AAM Marketing Ideas: The Niche Strategy
From May 20-23, the Association for Accounting Marketing (AAM) held its annual conference. Frequent contributor Sally Glick picked up some ideas that she will be sharing with us in the coming days, as she has done in previous years. Comments from those who attended—as well as from those who find these articles intriguing—are welcome in the comment section, below. Read more articles by Sally Glick here .
For the second item in this series, I would like to share an idea that was raised by Andrew Rose in his session on how to build, dominate, and defend a niche practice.
Andrew's key point was that if you want to earn a commanding presence in a target market, the clients need to know that you understand their unique concerns and that you are experts in their sector. In order for the firm to build this high level of credibility, Andrew suggested an integrated approach bringing together many different facets, all designed to highlight industry knowledge and experience.
He began with the suggestion that firms purchase lists of companies in the industry they are targeting. This can form the basis of a focused and disciplined approach to attracting new clients within the sector. Using a variety of initiatives, including web content, social media, speaking engagements, emails and newsletters and published articles, the firm can establish its credentials within the selected niche.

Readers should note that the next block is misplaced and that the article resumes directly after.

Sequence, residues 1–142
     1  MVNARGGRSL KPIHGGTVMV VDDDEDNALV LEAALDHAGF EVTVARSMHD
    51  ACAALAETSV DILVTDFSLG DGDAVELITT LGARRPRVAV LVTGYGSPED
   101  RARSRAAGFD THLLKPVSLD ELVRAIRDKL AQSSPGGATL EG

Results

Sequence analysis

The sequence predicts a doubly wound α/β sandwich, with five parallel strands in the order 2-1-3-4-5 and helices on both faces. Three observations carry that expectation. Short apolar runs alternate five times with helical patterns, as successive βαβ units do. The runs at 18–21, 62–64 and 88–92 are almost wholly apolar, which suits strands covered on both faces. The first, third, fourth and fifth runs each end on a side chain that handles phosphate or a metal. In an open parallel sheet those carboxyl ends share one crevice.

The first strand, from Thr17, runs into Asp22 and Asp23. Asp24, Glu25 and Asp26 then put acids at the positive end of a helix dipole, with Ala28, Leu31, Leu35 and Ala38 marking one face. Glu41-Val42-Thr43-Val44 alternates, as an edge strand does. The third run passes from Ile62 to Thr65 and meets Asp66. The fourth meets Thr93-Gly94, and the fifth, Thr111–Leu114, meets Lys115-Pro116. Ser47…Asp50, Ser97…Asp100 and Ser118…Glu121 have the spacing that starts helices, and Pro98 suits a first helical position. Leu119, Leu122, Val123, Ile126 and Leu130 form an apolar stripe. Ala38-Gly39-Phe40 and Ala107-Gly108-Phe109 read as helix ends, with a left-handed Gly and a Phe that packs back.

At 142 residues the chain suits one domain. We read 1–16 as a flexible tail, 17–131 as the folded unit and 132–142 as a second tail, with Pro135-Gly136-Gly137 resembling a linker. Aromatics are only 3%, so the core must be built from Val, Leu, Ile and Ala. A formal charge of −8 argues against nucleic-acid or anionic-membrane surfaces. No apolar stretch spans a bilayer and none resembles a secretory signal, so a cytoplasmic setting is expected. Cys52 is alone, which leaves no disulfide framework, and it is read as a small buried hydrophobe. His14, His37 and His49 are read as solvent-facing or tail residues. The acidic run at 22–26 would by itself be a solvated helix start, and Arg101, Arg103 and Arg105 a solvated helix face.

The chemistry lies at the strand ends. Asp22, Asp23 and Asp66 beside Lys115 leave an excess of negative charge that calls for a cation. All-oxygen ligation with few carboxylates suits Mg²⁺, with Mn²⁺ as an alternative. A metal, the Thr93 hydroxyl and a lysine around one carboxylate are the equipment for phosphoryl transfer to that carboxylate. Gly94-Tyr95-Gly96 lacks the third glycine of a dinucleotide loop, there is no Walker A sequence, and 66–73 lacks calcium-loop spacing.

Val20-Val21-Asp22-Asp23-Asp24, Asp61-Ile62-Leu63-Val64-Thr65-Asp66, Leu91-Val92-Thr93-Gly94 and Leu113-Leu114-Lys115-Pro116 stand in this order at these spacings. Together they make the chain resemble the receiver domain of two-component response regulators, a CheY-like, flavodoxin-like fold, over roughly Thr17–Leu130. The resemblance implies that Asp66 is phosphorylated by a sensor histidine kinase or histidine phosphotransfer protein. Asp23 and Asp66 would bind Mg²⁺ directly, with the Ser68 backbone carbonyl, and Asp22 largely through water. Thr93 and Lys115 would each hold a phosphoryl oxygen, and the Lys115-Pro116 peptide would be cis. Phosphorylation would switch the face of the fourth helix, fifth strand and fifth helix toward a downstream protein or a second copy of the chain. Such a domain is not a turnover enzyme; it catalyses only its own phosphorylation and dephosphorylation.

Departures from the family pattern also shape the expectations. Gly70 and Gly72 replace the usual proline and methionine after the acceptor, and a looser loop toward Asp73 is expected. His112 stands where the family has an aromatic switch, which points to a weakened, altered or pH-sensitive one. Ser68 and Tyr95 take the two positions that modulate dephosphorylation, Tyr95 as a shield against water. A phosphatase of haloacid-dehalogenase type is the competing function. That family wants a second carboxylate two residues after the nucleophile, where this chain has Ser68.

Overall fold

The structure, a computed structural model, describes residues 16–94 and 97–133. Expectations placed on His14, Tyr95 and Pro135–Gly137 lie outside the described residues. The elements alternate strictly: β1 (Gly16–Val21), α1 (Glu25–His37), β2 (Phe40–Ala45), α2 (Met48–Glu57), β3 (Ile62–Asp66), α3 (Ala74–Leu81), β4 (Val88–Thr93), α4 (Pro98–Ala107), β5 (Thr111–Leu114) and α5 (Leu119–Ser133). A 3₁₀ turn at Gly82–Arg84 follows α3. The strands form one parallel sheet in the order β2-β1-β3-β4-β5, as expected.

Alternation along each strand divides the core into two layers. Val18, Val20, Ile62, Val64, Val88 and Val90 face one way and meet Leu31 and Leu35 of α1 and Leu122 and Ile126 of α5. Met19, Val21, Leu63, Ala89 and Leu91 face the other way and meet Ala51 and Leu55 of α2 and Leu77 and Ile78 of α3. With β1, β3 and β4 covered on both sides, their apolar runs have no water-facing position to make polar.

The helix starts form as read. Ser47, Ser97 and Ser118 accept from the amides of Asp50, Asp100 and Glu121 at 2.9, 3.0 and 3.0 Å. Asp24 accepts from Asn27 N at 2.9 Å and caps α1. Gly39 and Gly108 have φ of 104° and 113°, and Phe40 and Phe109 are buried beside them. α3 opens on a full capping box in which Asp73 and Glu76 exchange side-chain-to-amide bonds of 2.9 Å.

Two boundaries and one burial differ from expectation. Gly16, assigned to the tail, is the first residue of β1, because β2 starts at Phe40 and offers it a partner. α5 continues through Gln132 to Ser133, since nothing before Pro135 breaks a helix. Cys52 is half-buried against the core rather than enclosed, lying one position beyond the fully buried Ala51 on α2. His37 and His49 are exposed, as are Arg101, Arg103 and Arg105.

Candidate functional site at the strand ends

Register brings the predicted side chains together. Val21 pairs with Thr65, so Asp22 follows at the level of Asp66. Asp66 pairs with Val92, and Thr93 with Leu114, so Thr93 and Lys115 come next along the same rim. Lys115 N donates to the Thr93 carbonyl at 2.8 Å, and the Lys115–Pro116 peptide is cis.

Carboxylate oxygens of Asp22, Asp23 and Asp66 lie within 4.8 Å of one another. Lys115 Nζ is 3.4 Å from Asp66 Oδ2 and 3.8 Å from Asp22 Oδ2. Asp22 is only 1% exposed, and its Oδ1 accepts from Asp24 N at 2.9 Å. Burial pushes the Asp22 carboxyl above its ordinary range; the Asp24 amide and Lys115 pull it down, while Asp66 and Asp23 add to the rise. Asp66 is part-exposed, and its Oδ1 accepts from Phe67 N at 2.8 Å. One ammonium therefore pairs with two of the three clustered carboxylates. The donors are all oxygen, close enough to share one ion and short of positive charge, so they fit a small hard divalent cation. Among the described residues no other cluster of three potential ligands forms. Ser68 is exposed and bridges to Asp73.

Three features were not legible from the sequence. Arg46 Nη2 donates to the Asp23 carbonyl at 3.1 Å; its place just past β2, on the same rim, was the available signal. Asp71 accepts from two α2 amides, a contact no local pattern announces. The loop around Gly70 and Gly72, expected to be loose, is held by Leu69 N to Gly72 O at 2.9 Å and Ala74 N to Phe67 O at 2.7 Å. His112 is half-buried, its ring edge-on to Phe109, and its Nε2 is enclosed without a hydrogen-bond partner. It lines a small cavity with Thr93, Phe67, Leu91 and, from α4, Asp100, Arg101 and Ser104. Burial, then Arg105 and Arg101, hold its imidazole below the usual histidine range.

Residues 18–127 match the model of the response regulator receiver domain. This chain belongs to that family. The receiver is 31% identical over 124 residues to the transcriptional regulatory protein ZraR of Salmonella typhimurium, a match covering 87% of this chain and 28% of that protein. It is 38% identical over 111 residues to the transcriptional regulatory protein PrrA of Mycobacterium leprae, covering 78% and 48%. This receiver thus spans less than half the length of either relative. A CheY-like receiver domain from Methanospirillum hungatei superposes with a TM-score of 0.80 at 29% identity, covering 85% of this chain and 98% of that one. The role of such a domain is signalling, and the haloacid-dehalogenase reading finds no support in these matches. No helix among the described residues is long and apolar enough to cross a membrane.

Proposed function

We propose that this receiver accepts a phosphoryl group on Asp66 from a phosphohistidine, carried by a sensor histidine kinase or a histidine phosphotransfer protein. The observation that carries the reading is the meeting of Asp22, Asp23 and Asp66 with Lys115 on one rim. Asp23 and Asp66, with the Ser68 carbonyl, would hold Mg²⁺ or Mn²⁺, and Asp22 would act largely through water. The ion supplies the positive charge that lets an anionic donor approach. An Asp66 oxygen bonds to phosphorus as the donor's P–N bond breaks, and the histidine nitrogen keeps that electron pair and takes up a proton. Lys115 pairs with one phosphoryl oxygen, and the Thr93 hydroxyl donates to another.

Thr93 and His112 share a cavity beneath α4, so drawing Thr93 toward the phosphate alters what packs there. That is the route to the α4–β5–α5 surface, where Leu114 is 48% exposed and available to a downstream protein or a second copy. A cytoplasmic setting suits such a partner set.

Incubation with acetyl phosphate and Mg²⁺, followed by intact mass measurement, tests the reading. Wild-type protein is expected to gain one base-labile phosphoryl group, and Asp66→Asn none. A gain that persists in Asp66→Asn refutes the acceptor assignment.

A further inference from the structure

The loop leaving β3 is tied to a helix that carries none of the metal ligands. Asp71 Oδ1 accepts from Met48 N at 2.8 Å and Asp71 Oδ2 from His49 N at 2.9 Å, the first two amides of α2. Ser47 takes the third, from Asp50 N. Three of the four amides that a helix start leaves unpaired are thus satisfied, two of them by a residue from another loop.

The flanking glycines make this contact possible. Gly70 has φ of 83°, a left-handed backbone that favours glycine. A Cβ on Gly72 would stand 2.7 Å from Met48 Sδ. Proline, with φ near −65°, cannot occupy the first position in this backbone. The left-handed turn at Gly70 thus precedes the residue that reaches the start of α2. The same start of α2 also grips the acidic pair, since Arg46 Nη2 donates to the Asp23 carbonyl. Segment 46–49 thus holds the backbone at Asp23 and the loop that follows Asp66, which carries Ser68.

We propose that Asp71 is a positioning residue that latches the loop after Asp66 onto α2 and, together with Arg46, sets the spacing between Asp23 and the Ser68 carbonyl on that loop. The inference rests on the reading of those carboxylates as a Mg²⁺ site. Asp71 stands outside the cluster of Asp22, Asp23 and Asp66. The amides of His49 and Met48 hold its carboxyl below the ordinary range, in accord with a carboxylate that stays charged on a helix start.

Beyond the typical marketing activities, though, Andrew also brought up a little out-of-the-box thinking, suggesting that firms collaborate with others who serve the same niche but are located outside their geographic range. In other words, if the firm has a specialty serving physicians, it can create alliances with other firms also working in the medical practice area that do not compete against each other. The group would be careful to allow entry only to the firms with the best reputations, which would help build prestige for all the member firms that are involved.
In addition, they would become a resource for each other, sharing best practices, ideas and challenges, enabling each firm to strengthen its local brand because of the collective skills and talents. Firms connected to this type of industry association gain a competitive edge when measured up to other firms in their community that cannot boast of such a strategic alliance. It serves to demonstrate the serious commitment the firm has to serving clients in the niche.
Andrew had other suggestions for firms that really want to command attention for their niche expertise, such as hosting an invitation-only program on the "state of the industry," bringing accomplished and well-known speakers to present their views on the topic. This private event would have the panache that accompanies exclusivity and could help to position the firm as the leader in the niche.
The "niche expert" concept is not a new one but it is one that is often overlooked because it takes hard work and effort to build a strong, well-regarded presence as a niche leader. But those firms that have accomplished this know that it is very profitable and well worth their investment.
About the author:
Sally Glick is CMO and principal of Sobel & Co. LLC . She was named Accounting Marketer of the Year for 2003 and was voted into the AAM Hall of Fame in 2007. She can be reached at firstname.lastname@example.org .